Written by Carrie Schmelkin, Reporter
Thursday, 01 July 2010 15:54
The Rev. Gary Wilburn
Warner Depuy still remembers the first time he heard the Rev. Dr. Gary Wilburn preach at the First Presbyterian Church of New Canaan.
“I remember coming away from that thinking that’s the first time I’ve heard anyone tell me something that I can think about for the course of the week to help me live a better life,” Warner told the Advertiser Tuesday.
“I remember Gary standing at the front of the church and opening his arms and saying that this wasn’t a Presbyterian table, it wasn’t a Jewish table, it wasn’t a Catholic table, it was God’s table,” he said. “I remember thinking to myself, you’ve got me.”
The former pastor died at around 2 p.m. Monday, June 28, after a battle with Amytrophic Lateral Sclerosis, also known as Lou Gehrig’s disease. He was 67.
Depuy said he will always remember all of Wilburn’s services and, most importantly, what he taught him about life and spirituality during the 12 years he served as pastor at the church. To Depuy, Wilburn will always remain his “spiritual captain.”
Bev Wilburn, the late pastor’s wife, said the family will hold three services — one at the Bel Air Presbyterian Church in Los Angeles, Calif., where he worked for 10 years; one in Baja California, Mexico, where he lived for the past two years, and one at his former church in New Canaan. Times and dates are not finalized.
“He loved the [New Canaan] community and that’s why we are going back there to be buried there,” Bev Wilburn told the Advertiser.
The senior pastor, only the second individual to serve that position in the history of the church when he took the pulpit, made his mark in the community, according to those who knew him.
He is remembered for honing the mission of the First Presbyterian Church; writing three novels about love, faith and hope; transforming the Council of Churches and Synagogues into the Interfaith Council of Southwestern Connecticut, and joining the fight for peace by working with the United Nations Committee of New Canaan.
Joining him in that effort was resident Peter Hanson, who teamed with Wilburn after the reverend asked him to help him with a U.N. mission in Cambodia. The two joined others in raising $51,000 to remove landmines in the area.
“It was a life-changing experience,” Hanson told the Advertiser Wednesday, noting that he had Wilburn to thank for it.
“Gary was a courageous person,” he said, noting that in addition to fighting for peace in Cambodia the reverend spoke in New Canaan against war.
“He preached a number of times against war in New Canaan, which is a Republican, conservative town, and he knew when he preached against war he was going to get complaints from founders of his own church,” Hanson said.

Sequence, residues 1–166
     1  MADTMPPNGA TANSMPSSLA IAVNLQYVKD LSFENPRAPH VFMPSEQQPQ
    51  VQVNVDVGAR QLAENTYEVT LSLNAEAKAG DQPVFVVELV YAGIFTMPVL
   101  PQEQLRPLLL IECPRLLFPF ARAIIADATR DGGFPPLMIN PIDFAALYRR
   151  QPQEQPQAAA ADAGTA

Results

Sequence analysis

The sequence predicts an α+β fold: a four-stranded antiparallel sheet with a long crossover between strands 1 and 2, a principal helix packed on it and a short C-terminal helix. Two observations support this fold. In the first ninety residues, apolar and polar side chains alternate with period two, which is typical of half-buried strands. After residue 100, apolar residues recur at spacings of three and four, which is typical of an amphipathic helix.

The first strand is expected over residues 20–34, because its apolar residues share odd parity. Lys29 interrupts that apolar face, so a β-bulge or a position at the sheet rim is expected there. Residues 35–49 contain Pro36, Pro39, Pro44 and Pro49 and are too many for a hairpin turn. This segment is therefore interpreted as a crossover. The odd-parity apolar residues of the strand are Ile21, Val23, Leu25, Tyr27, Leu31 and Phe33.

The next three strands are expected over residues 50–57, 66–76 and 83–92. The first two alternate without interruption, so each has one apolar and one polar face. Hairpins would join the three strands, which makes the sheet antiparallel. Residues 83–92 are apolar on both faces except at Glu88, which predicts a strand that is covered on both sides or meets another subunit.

“But he did it,” he said. “He had the courage to do what he believed and I admire him a great deal for that.”
Most recently in Baja California, Wilburn continued his outreach efforts, by starting “Sundays with Gary,” sermons delivered out of his chair, using speakers to amplify a voice lowered by his disease, his wife said.
“Until his passing he continued to fight for justice and world peace,” she said.
During his last sermon at the First Presbyterian Church of New Canaan in 2007, before he retired to address his condition, Wilburn reminded his congregation that the question is not death but, rather, life, according to the Rev. Tom Nissley, who worships at the church.
“Gary … preached a beautiful sermon,” Nissley told the Advertiser. “It was very inspiring to me and a lot of people.”
When he left New Canaan, Wilburn also told members of his congregation that he did not view his condition as a terminal illness because he believed in prayer, and that not all diagnosis are entirely accurate.
“Miracles,” he said, are really “nature unencumbered.”
In that sermon, Wilburn said he was now “practicing the art of unencumbering the natural health of my body by trying to live each day with love and hope, rather than fear and anxiety.”
“I will miss his optimism, his insistence that the church remain progressive and his demonstration that the community is where the church is,” Nissley said.
What Wilburn was most recently passionate about was promoting the campaign “One Word, One World,” which brings into question whether individuals can discover the common ethical underpinnings that exist in all major religions, according to Depuy. The two worked for almost the past year to promote this idea, talking to people of all different faiths, including Hindu, Buddhist, Judaism and Islamic.
On Depuy’s final visit to his spiritual mentor last week, Depuy told Wilburn that those involved in the mission were moving forward with the idea and creating the Wilburn Fellowship, to be given each year to high school seniors who work on interfaith projects similar to One Word, One World.
Depuy and those working on the project hope to launch the awards this coming school year at New Canaan High School.
“I specifically went out to California not only to say goodbye to Gary but to make sure that he was fully aware of what he meant to us and how we were going to do everything we could to make his legacy a living one,” Depuy said. “We had a good cry about it, we talked about it and I think he was incredibly thankful to us, but we are way more thankful to him.”
As the weeks go on and Depuy works to keep promoting One Word, One World, he said that his “spiritual captain” will always be with him.
“When I was saying goodbye to him this past week, I told him I would be listening for ship bells any time he needed to tell me something,” he said. “I am hoping he will knock me back on my heels a few more times.”
For the complete obituary, click here.